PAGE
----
Screen Australia and the Australian Writers’ Guild has announced six participants for The Creators, a career acceleration program for high-calibre Australian screenwriters. They are: Jane Allen, Kodie Bedford, Judi McCrossin, Sam Meikle, Suzie Miller and Tommy Murphy. Established to support the creative and professional growth of Australian writers in an increasingly global screen market, The Creators will see the group travel to Los Angeles in May 2023 to attend Content LA and to participate in tailored project and pitching development to sell their stories in domestic and international markets. 

Shortlisted and finalists

The Australian Publishers Association has announced the shortlist for the 2023 Australian Book Industry Awards (ABIA). The ABIA Academy, comprising more than 250 publishers, booksellers, agents and media and industry representatives, has selected books published over the past calendar year across 14 categories. For the first time, the shortlist includes a new category: Social Impact Book of the Year. Julia Gillard’s Not Now, Not Ever (Penguin Random House Australia, Vintage) and How Many More Women by Jennifer Robinson and Keira Yoshida (Allen & Unwin) are among those shortlisted in the new category.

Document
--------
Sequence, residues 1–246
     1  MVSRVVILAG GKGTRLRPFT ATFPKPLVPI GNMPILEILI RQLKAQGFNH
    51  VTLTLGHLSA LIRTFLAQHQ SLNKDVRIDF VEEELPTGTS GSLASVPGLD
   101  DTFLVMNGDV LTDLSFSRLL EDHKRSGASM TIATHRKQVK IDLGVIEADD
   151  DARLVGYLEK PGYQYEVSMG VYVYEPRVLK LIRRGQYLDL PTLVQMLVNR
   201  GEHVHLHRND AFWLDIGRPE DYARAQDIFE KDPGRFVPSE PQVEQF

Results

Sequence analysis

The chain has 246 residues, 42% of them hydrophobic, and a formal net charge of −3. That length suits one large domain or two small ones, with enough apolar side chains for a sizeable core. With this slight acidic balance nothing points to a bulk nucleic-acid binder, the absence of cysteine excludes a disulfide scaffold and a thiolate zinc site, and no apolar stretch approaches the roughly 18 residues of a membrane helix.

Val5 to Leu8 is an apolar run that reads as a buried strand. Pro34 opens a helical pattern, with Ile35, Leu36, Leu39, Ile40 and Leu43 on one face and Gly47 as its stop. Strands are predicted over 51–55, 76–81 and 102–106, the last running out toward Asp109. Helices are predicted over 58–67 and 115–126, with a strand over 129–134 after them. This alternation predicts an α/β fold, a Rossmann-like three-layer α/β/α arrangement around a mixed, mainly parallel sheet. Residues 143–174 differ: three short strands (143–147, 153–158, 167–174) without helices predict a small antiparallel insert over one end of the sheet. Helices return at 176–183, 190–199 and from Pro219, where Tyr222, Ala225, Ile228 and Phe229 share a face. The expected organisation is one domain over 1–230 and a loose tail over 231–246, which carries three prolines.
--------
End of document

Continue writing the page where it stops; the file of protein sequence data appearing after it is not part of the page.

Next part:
Titles with multiple shortlists include Hannah Gadsby’s Ten Steps to Nanette (Allen & Unwin), The Boy from Boomerang Crescent by Eddie Betts (Simon & Schuster Australia) and Dirt Town by Hayley Scrivenor (Pan Macmillan Australia). See the full 2023 ABIA shortlist. Winners will be announced on 25 May at a red carpet event.

The Institute of Professional Editors (IPEd) has announced the shortlist for the 2023 Rosanne Fitzgibbon Editorial Award (the Rosie) with a cash prize of $4000. The award is presented to a dedicated editor who has helped an author deliver the best possible outcome on a fiction or non-fiction publication. The shortlisted editors are: Bronwyn Mitchell for Wetlands of Queensland, Emma Rafferty for Dinner with the Schnabels and Cathy Vallance for The Way of Dog. Kathryn Tafra received an honourable mention for Tea, War and Crocodiles: Tales from an extraordinary life. The 2023 Rosie winner will be announced at an online awards event as part of the 11th IPEd Editors Conference.